May 8, 2023

stretch or strengthen muscles

Actually, a proper strength program is one of the most effective ways to increase healthy range of motion. 

Skiing takes specific muscle involvement. In order to add in or swap something out from our technique it is helpful to break it down into small steps with the help of a ski coach to better understand what needs to be stronger or how to activate  muscles in a more ski relevant way. Take a look at the Turn Phases and Skier Anatomy 101 to get a better grasp of how we move during skiing. But maybe... There is nothing wrong with your ski technique. Range of motion is exactly what it sounds like. The distance a body part is able to travel in a distinct direction around a fixed point of a joint. Flexibility, refers specifically to soft tissue like muscle and other structure's capability to elongate and condense on cue. The knee and Hip Flexibility in Skiing are extremely important. The reason skiing predisposes us to sprains, strains and tears of the knee is because only a small portion of the full range is being used and the load is not well matched between opposing muscle groups. Balancing muscles can be a bit of a dance, like yoga for skiers, the end goal is to keep skier fit. But have no fear, there are lots of ways to add in short relevant 10-minute ski workout that will go a long way in  Preventing ACL Injuries in Skiers. Range of motion can be performed in multiple ways.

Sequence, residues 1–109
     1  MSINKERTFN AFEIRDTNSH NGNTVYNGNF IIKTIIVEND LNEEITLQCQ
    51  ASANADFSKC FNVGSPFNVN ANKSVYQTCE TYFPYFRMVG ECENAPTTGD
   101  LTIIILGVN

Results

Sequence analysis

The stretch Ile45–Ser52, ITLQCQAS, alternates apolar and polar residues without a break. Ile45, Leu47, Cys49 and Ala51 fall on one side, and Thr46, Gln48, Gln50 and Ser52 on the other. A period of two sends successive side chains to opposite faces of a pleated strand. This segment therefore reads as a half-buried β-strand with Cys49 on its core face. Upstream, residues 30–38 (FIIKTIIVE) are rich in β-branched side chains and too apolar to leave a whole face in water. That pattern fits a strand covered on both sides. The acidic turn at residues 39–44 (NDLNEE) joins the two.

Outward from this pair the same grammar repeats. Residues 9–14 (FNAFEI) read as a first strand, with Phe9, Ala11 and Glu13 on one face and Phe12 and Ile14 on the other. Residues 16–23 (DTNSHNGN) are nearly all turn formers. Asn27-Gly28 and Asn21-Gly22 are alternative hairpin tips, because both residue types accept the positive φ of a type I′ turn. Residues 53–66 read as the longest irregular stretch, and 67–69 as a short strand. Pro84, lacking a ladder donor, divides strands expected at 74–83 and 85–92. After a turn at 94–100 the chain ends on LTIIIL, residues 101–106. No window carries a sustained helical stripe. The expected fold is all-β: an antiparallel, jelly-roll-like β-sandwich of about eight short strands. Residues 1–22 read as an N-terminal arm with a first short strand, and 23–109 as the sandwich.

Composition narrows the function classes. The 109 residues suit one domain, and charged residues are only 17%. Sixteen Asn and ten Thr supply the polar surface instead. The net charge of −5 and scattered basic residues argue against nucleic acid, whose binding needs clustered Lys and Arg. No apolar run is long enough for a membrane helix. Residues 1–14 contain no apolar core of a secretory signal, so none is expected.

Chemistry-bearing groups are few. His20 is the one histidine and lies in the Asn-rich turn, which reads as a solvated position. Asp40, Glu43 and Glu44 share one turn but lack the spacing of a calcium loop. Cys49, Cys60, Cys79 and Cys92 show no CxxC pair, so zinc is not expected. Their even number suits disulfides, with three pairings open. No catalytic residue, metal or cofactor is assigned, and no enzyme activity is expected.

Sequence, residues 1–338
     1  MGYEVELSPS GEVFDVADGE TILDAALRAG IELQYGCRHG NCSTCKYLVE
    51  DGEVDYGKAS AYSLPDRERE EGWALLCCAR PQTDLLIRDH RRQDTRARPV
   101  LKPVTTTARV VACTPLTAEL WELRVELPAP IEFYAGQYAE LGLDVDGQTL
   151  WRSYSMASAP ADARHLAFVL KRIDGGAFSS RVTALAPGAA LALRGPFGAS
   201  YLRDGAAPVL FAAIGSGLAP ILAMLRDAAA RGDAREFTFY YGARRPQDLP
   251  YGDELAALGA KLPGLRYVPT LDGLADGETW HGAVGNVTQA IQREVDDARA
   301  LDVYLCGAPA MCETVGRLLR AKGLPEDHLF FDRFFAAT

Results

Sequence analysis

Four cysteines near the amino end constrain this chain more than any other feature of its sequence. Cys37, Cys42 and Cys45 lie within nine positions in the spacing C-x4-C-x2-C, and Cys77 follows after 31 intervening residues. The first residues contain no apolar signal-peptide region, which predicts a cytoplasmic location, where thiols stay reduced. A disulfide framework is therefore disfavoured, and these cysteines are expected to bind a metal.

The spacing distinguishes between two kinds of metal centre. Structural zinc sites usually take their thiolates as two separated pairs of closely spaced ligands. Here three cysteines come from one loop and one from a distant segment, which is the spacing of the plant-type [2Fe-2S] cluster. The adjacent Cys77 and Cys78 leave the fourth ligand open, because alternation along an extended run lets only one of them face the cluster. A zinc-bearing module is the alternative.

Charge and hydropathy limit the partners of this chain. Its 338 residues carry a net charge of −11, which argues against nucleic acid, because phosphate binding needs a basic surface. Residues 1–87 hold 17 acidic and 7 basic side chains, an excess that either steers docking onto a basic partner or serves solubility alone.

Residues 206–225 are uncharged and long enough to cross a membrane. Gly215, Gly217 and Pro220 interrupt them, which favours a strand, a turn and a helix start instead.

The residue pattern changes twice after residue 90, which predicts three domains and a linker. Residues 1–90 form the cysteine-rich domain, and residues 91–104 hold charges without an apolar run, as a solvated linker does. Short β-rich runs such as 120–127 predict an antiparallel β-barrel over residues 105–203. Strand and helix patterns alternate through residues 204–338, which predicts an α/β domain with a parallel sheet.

Active 

Done voluntary by muscles without outside support of any kind

Passive

Assisted move by another muscle group or therapist

Resisted 

Active, performed against added force

Forces to Factor 

Carpentry, auto mechanics and the human body have far more in common that one may initially think. Composed with structure, support and moving parts, each simply have slightly different materials. As hilarious as it may seem, the Magic School Bus does an excellent job in painting a practical picture of the fundamental concepts. Sit back, relax, and treat yourself to a flash from the past with this episode.

The body is framed by our skeletal system, supported by our  ligaments, empowered by our muscles and activated by our arteries and nerves. The strength and shape of our muscles betray the real story of how we use them consistently. Joints function best when the muscle groups involved are paired with equal and opposites. Leaving dominating muscle groups unchecked risks injury to muscles, ligaments and bones. Managing range of motion does not always indicate more stretching is the best solution.    

Strength Steps

Basic Strength Test

One way to evaluate a muscle for basic levels of strength after an injury or while assessing potential muscle imbalances is on a score basis from 0 to 5:

0 - no muscle contraction 

1 - mini muscle contraction in partial range of motion 

2 - muscle can contract with partial range of motion with assistance of gravity 

3 - muscle can contract most of all relevant range of motion against gravity 

4 - muscle can contract full range of motion against gravity and some resistance 

5 - full basic strength of specific muscle against gravity and resistance